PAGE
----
The Center for Regenerative Biology and Medicine at Mount Desert Island Biological Laboratory
Final rept. 1 Jun 2011-31 May 2015
MOUNT DESERT ISLAND BIOLOGICAL LAB SALISBURY COVE ME
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The inability to regrow functional limbs or limb segments lost to trauma or disease is a significant biomedical problem, with substantial associated monetary and quality-of-life implications for the nearly two million affected U. S. citizens and active service members. Development of in vivo therapies that restore regenerative capacity first requires an understanding of the basic gene regulatory networks controlling this biology. Thus, characterizing ancestral regulatory circuitry controlling regeneration is a necessary and direct route to identifying the mechanistic causes of regenerative failure in mammals. This proposal offers unique promise in guiding the targeted development of in vivo therapies to restoreaugment human limb regeneration. We will leverage our recent discovery that regenerative ability is widespread in basal vertebrates to conduct the first comparative analysis of appendage regeneration that incorporates model systems from all major groups of limbed vertebrates- cartilaginous fishes, ray-finned fishes, and tetrapods. Our unique approach will identify novel functional requirements for genesgene networks in regulating appendage regeneration by marrying a comparative organismal approach with state-of-the-art systems-level analyses of gene expression using next generation RNA sequencing and functional analysis of candidate regulators in the genetically tractable zebrafish model system through in vivo disruption of gene function.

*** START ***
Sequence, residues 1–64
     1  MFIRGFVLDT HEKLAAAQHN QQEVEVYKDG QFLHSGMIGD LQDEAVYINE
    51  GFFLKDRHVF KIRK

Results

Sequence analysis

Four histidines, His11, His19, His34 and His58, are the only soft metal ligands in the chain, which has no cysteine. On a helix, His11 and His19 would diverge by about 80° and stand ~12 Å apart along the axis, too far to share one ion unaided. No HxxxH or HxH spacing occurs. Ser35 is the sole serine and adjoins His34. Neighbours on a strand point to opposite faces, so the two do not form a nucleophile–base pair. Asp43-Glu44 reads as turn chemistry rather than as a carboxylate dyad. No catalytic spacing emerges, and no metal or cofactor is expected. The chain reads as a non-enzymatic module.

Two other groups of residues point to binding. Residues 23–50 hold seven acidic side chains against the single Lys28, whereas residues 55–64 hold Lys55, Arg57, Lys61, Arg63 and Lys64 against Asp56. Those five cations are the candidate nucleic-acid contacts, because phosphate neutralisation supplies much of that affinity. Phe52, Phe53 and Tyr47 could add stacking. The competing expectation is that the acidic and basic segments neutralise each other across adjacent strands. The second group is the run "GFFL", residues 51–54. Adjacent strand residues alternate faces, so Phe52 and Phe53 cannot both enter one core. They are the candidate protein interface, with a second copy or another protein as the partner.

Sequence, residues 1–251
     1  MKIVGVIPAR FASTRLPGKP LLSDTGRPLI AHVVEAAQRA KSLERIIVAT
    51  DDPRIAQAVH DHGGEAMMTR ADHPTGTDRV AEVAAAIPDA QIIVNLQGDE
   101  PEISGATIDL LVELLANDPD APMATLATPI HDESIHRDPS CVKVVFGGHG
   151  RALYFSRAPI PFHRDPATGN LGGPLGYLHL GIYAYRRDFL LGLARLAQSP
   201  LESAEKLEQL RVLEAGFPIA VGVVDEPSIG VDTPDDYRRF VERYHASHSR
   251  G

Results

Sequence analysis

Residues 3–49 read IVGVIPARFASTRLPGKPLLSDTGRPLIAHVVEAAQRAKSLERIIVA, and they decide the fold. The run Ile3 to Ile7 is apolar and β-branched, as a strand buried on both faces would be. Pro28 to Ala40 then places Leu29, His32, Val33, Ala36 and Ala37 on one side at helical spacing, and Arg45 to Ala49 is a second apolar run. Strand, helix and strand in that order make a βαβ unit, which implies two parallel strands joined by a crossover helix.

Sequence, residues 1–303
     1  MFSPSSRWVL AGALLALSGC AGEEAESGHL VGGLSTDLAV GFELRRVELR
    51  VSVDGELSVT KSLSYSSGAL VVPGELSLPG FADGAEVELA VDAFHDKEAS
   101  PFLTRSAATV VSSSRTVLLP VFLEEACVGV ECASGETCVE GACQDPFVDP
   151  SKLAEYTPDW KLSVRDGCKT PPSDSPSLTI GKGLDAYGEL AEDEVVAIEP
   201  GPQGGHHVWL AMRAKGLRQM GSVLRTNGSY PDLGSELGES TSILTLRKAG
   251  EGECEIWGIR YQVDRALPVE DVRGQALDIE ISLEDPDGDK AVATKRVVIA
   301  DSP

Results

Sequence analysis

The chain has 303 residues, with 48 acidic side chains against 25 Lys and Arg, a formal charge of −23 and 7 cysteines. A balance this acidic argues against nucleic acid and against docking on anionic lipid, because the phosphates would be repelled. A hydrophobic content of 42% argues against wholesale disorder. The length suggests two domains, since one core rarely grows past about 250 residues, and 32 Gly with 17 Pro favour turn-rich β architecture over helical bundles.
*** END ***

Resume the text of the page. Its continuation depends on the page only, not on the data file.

- Genetic Engineering and Molecular Biology
- Anatomy and Physiology
- Medicine and Medical Research